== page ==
Snowflakes, sleds and shovels: Storm drops more than 12 inches in North Idaho
Silas Ballou grins after crashing into the snow while sledding Wednesday afternoon near the Coeur d'Alene Public Library.
Jon Crane shovels snow in Coeur d'Alene on Wednesday.
Aaron Frantz clears a sidewalk with a snowblower on Seventh Street in Coeur d'Alene on Wednesday.
Karin Gray holds an umbrella for protection from the falling snow as she walks on Front Avenue in Coeur d'Alene on Wednesday.
A cyclist rides through the snow-covered parking lot at McEuen Field on Wednesday.
Snow covers a Terry Lee statue, "Idaho Farmer," on Front Avenue on Wednesday.
Hadley Still, 8, and Russell Covey, 9, play on a snow mound Wednesday in Hadley’s front yard in Post Falls.
Fritzi Tegarden pauses, blowing off her sidewalk and driveway in Hayden on Wednesday as snow fills her path.
Greg Clarine on Wednesday pushes through thick, heavy snow with his snowblower as a snowstorm blankets Post Falls.
Silas Ballou went about 20 feet down the hill on his sled and crashed face-first into the snow Wednesday afternoon.
For a few seconds, the youth didn’t move. Then, he peeked out from under his oversized stocking cap, stood up with a big grin, and started back up the hill next to the Coeur d’Alene Public Library to do it again.
“He’s a hambone,” said his grandmother, Barbara Ostipwko of Coeur d’Alene.
She was smiling herself, enjoying the biggest snowfall of November and spending time with her grandkids.
“We have a great time,” she said. “They’re not ready to go home to mom and pop yet because they’re out playing.”
Just a few blocks away, Jon Crane and his sons William and David were shoveling snow from a friend’s property.
Together, they were making good progress. Plus, Jon figured it got them out together for some father-son time and exercise, too.
“A good cardio workout,” he said.
Wednesday’s heavy snowfall forced school cancellations throughout North Idaho, kept workers at home, created dangerous roads and slippery walkways, and sent snowplows, snow blowers and snow shovelers into overdrive.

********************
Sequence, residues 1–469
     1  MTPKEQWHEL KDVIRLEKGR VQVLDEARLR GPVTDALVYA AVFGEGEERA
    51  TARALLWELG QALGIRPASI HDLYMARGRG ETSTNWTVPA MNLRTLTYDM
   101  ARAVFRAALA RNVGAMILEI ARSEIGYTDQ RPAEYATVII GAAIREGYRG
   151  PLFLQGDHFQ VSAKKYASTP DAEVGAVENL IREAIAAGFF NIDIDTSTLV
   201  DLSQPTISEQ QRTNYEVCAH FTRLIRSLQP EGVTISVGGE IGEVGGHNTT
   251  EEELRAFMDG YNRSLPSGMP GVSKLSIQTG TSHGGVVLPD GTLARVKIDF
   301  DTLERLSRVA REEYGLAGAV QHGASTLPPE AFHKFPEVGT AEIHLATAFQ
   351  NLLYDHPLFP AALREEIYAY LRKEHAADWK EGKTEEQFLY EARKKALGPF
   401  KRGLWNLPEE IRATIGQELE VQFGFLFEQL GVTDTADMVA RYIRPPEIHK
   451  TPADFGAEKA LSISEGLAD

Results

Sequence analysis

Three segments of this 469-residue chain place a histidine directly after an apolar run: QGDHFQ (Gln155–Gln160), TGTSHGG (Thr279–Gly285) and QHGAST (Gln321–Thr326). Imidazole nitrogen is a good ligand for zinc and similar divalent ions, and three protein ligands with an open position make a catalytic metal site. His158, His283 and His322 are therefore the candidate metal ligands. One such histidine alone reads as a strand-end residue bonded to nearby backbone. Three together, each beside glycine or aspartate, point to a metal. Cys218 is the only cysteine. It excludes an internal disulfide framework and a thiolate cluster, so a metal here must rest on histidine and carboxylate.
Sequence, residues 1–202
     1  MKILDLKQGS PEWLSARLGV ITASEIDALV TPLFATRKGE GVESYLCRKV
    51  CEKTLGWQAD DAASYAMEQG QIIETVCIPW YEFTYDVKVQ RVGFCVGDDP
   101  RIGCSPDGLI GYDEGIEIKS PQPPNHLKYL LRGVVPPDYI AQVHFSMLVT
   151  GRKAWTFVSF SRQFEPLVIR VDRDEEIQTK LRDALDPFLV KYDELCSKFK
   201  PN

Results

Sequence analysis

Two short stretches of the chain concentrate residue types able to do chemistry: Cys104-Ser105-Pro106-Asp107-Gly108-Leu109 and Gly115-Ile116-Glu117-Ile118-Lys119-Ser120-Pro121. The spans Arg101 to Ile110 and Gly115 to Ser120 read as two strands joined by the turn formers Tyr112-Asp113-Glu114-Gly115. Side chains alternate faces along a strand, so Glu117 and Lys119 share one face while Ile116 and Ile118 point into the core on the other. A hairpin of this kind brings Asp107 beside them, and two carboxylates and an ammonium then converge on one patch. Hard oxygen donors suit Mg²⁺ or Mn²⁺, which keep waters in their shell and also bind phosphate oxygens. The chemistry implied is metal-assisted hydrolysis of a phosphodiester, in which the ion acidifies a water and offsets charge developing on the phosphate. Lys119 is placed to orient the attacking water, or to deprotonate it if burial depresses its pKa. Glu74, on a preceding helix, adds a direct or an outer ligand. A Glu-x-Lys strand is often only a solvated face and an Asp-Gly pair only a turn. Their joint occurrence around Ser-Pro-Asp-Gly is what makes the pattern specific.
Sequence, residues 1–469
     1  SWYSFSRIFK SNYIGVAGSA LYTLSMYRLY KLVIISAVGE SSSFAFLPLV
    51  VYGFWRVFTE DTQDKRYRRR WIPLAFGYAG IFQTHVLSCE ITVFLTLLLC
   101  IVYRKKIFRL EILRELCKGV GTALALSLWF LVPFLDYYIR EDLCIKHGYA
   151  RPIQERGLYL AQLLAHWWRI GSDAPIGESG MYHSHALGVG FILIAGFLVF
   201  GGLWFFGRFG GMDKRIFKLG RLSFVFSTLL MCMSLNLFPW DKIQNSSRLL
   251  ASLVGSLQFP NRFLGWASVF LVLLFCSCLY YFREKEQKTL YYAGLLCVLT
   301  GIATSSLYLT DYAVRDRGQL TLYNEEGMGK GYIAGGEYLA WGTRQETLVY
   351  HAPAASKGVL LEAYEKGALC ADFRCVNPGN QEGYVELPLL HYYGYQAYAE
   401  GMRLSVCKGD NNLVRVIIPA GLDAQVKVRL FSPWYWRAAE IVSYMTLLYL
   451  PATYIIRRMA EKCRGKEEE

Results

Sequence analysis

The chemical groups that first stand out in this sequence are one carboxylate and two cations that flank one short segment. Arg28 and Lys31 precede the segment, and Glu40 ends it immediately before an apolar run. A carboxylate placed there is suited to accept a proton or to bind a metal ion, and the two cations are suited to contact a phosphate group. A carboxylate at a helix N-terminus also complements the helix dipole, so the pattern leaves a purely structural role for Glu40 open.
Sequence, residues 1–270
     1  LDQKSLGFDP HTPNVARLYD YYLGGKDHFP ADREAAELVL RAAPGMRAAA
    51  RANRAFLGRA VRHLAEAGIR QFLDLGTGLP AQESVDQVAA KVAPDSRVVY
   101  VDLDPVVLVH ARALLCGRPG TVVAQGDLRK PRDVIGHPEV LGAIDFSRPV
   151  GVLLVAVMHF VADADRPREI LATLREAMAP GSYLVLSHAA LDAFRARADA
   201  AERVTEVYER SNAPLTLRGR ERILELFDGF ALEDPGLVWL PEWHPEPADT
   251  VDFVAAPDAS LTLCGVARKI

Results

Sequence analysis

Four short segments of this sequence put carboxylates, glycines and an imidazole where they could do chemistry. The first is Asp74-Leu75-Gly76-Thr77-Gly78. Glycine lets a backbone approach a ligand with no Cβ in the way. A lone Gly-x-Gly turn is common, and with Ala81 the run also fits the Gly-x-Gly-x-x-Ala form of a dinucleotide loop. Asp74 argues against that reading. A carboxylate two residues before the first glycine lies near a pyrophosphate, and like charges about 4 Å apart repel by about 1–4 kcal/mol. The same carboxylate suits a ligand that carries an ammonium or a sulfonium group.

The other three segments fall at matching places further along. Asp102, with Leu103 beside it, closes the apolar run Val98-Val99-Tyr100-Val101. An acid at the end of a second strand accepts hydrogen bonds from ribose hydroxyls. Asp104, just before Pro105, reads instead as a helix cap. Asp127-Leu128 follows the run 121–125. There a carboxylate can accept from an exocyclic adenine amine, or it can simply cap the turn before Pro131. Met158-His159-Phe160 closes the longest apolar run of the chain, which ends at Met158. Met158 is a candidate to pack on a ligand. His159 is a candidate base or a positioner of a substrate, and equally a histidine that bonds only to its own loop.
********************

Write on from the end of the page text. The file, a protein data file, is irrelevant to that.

Climatologist Cliff Harris measured 12.7 inches of snow at his Player Drive home by 4 p.m. That was the second-most for a single day in November, with the record still at 16 inches set Nov. 19, 1963.
Harris said November was the coldest on record. The average high was 35, compared to the normal average of 47. The average low was 22, while normal is 27 and the average temperature was 28.5, nearly 10 degrees under the normal average temperature of 37.
“We’ve never been that cold for that long,” Harris said.
He said 25.8 inches of snow had fallen November in Coeur d’Alene, the fourth-most behind 38.3 inches in 2010; 31.6 in 1973 and 28.2 in 1959. It topped the 24.1 inches that fell in 1996.
More snow is coming Harris said.
“I can see at least five more systems upstream to come downstream,” he said, adding, “none as strong as what we've just had.”
Each will drop a few inches this week and into next week, Harris said.
River City residents reveled in a snow day Wednesday.
“I love it,” said an enthusiastic Russell Covey, 9, as he played outside with neighbor Hadley Still, 8. “It snowed 7 inches. I just need a tape measure.”
They sledded down a small snow hill built in Hadley’s front yard, where her brother was building an igloo.
“It’s good. It’s fun,” Hadley said with a big smile before scampering off.
Stella Lewis, 9, of Post Falls, brought snow into the house and filled the bathtub so her bunny, Nico, could also enjoy the snowy day.
“I love the snow and it’s fun,” she said. “I brought in some snow so that he didn’t get too cold outside and could still play.”
The sounds of snow blowers buzzed through the cold air from every direction as people worked to clear piles of the rapidly replenishing white stuff.
“It’s a little hard on the machine since it’s so deep. It’s got a little moisture to it,” said Greg Clarine, who slowly pushed his 27-year-old snowblower up and down his driveway. “You just have to take smaller strips off and it doesn’t bog down quite as bad.”
He said he doesn’t mind the snow.
“It’s a good thing for the watershed,” Clarine said. “Hopefully it will get rid of some of the drought conditions that we have, and the fires.”